Nearly three years ago, EFF published a paper advocating voluntary collective licensing for P2P, a system that would get artists paid and allow fans to keep sharing music however they like for a flat fee. It seems the major record labels may finally be coming around to this sensible solution:
"This year, with music sales still sinking like a rock, the record labels are no longer apoplectic about the possibility of such a fee, which could be collected by Internet service providers through their customers' monthly subscription charges.
'It's a model worth looking at,' John Kennedy, head of the International Federation for the Phonographic Industry, said at a press briefing last weekend in Cannes at Midem, the annual global music market. 'If the ISPs want to come to us and look for a blanket license for an amount per month, let's engage in that discussion...'"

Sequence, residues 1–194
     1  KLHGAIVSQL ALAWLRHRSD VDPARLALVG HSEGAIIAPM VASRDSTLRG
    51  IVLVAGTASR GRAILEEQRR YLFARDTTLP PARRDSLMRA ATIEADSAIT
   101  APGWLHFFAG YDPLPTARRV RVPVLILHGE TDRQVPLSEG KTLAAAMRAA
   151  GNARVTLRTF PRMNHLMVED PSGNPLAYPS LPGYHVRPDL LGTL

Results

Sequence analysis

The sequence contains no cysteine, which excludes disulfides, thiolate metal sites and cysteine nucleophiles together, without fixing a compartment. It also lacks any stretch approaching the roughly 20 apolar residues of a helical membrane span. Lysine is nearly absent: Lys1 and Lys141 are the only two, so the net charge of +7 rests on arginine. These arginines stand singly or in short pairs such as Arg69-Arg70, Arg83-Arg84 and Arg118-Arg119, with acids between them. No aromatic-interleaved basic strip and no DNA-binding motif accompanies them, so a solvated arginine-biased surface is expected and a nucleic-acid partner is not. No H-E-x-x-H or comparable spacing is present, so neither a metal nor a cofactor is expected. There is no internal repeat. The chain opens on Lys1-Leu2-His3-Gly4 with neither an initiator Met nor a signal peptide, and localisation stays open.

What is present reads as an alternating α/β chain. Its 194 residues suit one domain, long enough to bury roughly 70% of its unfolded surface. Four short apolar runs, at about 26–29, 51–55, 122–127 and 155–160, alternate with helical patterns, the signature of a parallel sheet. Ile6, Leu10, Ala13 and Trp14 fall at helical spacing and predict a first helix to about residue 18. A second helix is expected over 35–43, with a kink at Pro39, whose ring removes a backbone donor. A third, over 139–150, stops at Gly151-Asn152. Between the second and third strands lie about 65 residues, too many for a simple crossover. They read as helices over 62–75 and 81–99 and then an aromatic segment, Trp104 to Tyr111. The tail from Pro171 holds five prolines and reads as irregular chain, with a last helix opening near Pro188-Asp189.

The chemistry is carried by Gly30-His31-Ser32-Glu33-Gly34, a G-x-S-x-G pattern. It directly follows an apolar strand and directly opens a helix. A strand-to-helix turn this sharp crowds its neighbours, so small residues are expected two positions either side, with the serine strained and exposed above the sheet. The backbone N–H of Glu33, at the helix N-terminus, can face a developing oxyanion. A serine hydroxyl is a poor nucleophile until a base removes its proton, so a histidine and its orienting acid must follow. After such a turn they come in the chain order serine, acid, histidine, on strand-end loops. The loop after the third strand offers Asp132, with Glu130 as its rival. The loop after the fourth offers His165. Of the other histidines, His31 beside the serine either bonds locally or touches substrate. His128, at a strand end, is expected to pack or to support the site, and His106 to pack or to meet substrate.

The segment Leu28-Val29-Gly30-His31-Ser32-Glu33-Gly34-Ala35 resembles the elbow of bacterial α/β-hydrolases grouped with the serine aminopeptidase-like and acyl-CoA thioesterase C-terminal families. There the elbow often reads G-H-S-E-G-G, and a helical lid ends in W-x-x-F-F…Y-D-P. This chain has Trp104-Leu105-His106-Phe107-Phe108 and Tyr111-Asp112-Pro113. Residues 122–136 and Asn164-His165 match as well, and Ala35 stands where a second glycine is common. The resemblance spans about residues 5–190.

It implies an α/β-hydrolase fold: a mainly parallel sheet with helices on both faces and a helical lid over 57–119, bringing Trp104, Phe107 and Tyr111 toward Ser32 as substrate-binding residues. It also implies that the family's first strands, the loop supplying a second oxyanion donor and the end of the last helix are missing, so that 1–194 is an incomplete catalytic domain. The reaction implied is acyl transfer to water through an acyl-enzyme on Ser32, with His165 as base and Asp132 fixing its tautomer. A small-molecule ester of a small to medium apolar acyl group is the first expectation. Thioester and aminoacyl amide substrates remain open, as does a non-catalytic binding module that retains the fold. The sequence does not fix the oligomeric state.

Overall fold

Along with the labels' considering an end to DRM for downloads, this is a good sign, and we hope it's more than just talk. While the labels could already be adopting this business model and getting artists paid, they have instead continued to drag their feet, filing futile lawsuits against ordinary fans and seeking restrictive DRM mandates in Congress. Their DRM strategy is failing, yet the harm done by the DMCA remains.
It was high time for a better way forward when we published our paper three years ago -- let's hope it's not another three years before the labels actually head down that path, and we can start to undo the damage of this wasted time.
(Link hat tip: Furdlog)